September 2011— For twenty-eight years, on the third weekend in September, paddlers from around the world have come to central West Virginia for the world’s largest paddling festival, American Whitewater’s Gauley Fest.
The festival is held at Summersville Lake, which is host to thousands of visitors who come for swimming, boating, waterskiing and other water sports. Each fall Corps hydrologists drop the lake levels by 77 feet to provide room for possible floodwaters, thus protecting the region from flooding. Every tenth year hydrologists take the water down an additional 55 feet to conduct inspections of the lake’s intake infrastructure to ensure it is in proper working order. In the process they create a great kayaking course.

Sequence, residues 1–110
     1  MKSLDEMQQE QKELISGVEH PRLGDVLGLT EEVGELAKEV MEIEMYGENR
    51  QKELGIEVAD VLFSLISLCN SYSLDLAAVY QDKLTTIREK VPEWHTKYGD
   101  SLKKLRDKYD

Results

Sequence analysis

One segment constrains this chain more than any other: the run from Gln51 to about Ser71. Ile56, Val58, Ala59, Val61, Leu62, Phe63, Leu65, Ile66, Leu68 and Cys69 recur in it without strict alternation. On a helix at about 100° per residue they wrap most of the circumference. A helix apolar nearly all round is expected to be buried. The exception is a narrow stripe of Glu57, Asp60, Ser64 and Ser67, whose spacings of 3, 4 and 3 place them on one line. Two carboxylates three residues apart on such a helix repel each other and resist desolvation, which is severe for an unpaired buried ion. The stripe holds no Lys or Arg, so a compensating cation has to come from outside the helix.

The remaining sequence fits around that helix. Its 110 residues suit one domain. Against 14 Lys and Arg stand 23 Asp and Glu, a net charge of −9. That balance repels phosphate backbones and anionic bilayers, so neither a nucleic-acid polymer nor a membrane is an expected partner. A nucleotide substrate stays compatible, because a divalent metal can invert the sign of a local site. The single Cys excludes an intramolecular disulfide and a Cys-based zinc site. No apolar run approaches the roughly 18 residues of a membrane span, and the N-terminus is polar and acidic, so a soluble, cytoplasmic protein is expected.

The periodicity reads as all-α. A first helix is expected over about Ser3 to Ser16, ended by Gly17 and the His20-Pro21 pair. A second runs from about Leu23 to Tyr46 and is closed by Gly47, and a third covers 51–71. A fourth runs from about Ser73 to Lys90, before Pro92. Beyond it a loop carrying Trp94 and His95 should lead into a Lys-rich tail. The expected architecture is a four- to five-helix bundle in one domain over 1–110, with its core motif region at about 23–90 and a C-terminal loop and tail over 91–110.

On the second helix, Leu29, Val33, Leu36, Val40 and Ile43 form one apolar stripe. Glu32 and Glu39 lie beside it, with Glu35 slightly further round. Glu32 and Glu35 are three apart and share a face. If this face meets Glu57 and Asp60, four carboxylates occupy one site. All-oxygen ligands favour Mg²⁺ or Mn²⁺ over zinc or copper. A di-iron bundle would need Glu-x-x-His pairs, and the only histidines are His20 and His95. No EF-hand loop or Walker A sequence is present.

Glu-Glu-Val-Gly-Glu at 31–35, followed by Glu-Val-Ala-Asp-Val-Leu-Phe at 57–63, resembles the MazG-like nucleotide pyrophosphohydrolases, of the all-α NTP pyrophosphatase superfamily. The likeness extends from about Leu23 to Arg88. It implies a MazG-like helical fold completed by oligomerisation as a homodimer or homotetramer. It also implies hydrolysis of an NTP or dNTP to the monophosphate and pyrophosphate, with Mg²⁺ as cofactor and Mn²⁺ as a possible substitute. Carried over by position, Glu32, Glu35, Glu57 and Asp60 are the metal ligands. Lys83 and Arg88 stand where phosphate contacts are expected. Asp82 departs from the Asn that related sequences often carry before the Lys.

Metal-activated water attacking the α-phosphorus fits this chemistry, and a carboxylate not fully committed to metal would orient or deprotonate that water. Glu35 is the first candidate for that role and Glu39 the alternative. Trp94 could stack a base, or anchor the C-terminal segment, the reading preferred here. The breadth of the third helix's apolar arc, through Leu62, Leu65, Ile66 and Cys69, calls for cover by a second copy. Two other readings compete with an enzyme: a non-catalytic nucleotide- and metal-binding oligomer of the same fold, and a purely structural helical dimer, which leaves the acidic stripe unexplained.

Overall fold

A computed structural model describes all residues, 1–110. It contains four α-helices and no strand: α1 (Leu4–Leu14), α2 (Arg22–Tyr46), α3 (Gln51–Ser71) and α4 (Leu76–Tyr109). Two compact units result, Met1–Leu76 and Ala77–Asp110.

This year, for the first time, whitewater outfitters and associations were invited by the U.S. Army Corps of Engineers to provide input on how to maximize this powerful resource and make the whitewater season as exciting as possible for kayak and raft enthusiasts. Corps hydrologists and water sports experts worked hard to set up a schedule of releases, and increased the rate of flow from 2800 cubic feet per second of previous Gauley seasons to a more thrilling 3200 cubic feet per second. Word of the faster flows has spread fast.
“The Corps of Engineers was great to work with,” said Mark Lewis, Executive Director of the West Virginia Professional River Outfitters. “We put in a lot of hard work to make this a great season.”
Summersville Lake resource manager C.J. Hamilton agreed: “By working with the outfitters, we were able to make one of the top 5 commercially runnable rivers in the world that much more exciting.”
National Rafting Championship
Hydroelectric Power Plant